The Insight: Makeda Had A Paw-some Time With Kimono Cats!

By Makeda Byfield

Consider yourself a cat purr-son? Have you been super busy and need to take a paws? Looking for a fun, low-stakes game with adorable kitties, endless mini-games, and lighthearted & spirited mewsic? Then let me direct you to Apple Arcade’s “Kimono Cats”!

My apologies for all the corny cat puns. I just can’t help myself. HumaNature Studio’s Kimono Cats has been such a delight to play! The studioitself has a strong history, producing games like Doki-Doki Universe and ToeJam & Earl: Back In The Grove. This mobile game is pretty simple as it focuses on your cat and their companion cat, which your feline is determined to woo. Players can do this by throwing darts and hitting prize bubbles that float above your two lovable animals while they walk down Kyoto Road. By hitting and popping bubbles, players might instantly win a prize or trigger a mini-game; your performance can impress the companion! Be wary though; pop the wrong bubble, and you might just end up “gifting” your companion rotten snacks or scaring them with “bad guys,” who appear on the road ahead of you. While these mistakes can cause your companion to like you less and garner an eye roll or lost points, the consequences of this action are usually short lived and forgotten by the time you win another prize (and I found that this effort usually only takes you a few more seconds.) 

My cat and her companion are seen walking down Kyoto Road. Throw darts and pop bubbles to keep the adventure going!

Kimono Cats feels like a summer fair or festival that features classic games like whack-a-mole (with Japanese masks instead of moles), card matching games, and more. I particularly enjoyed “dango-catch,” a mini-game that required players to catch falling Japanese dumplings on a stick. The mini-games usually correlated with the stands that your two cats pass while walking down Kyoto road. As you unlock more levels, your cats grow closer and explore other parts of the road. The games are similar, and to my recollection had no significant change in difficulty. If anything, some seemed a bit more challenging to me at first, but with light work and practice, they became easier – and somehow relaxing! Oh, if only everything in life could be this calming. This aspect of the game is one of the things that made it so relaxing. And I still never got bored because the change in setting every so often helps it feel much less repetitive.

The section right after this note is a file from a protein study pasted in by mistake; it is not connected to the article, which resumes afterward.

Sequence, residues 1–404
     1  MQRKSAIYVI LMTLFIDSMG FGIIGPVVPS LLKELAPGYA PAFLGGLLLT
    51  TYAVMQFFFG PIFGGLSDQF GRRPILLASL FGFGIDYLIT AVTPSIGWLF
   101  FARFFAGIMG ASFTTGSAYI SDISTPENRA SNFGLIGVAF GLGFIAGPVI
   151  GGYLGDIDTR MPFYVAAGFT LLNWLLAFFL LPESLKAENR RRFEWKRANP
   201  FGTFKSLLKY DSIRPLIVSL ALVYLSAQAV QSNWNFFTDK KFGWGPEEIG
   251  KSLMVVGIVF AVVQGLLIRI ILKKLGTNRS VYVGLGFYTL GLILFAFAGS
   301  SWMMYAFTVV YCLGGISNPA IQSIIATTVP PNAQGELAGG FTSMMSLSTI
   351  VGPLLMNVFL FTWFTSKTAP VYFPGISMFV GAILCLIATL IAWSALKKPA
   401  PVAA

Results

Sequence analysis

Above are just two of the mini-games that appear in Kimono Cats.

Kimono Cats isn’t just mini games, however. In the opening sequence, your cat views an empty strip of land that they hope to transform into a village worthy of the wooed one’s attention. Players can use coins earned from the mini-games to buy a randomized item in the village shop. These prizes (usually broken into categories like houses, businesses, shrubbery and characters) can be used to customize your village. Does your companion ever see this village? So far, this hasn’t happened. However, other players might visit your town and leave ratings, which helps you win more darts to use while walking down Kyoto Road.

One of Kimono Cat’s best aspects is that it’s fairly easy to gain the tools needed to continue gameplay. I ran out of darts only once; however, all players are given a metal detector, which they can use to find arrows/darts in their village. In just a few minutes, I was able to gain enough arrows to continue with the mini-games. 

One part of my village. Other players can get the chance to view, rate, and visit the businesses in my village by hitting certain bubbles while they walk down Kyoto Road!

The only thing I’m on the fence about with this game is whether or not the narrative needs to be more clear and/or detailed. Kimono Cats sparked a debate between me and my siblings. Do all games need a point, or is it ok for game makers to put out nearly mindless, stress-free games? Usually I’d vote for the latter; sometimes, we need games or art that are “just vibes” (as my sister likes to put it). Why add more stress to people’s lives when it’s not needed? Gaming is supposed to be fun, and Kimono Cats was just that. But with the $4.99 Apple Arcade subscription fee that was needed to play the game, I can’t help but wonder if Kimono Cats needed something more to justify the cost – especially if you subscribed just to play this one game. 

Yet I thoroughly enjoyed the game. It was a great play during work breaks or on a (very rare) easy-going weekend. However, I wasn’t able to use the multiplayer mode because I just couldn’t see why I should convince my siblings to buy an apple arcade subscription for this game alone. The only benefit either of us would’ve gotten was the ability to view each other’s village and occasionally give each other darts. But with so many other ways to do this, we all decided that it wasn’t worth downloading the game on multiple devices. Had they wanted to play, I most likely would have just let them use my ipad.

Overall, Kimono Cats is pretty paw-some! If you already have Apple Arcade, then definitely check it out! But if you don’t already have a subscription, then I can’t say that this is the game that should make you get one. It’s very enjoyable, but there’s not enough to it.

Makeda is a senior intern who shines in her writing, of course. But she also shines through her interviews or her Co-Hosting of the NY Game Awards.

Leave a Reply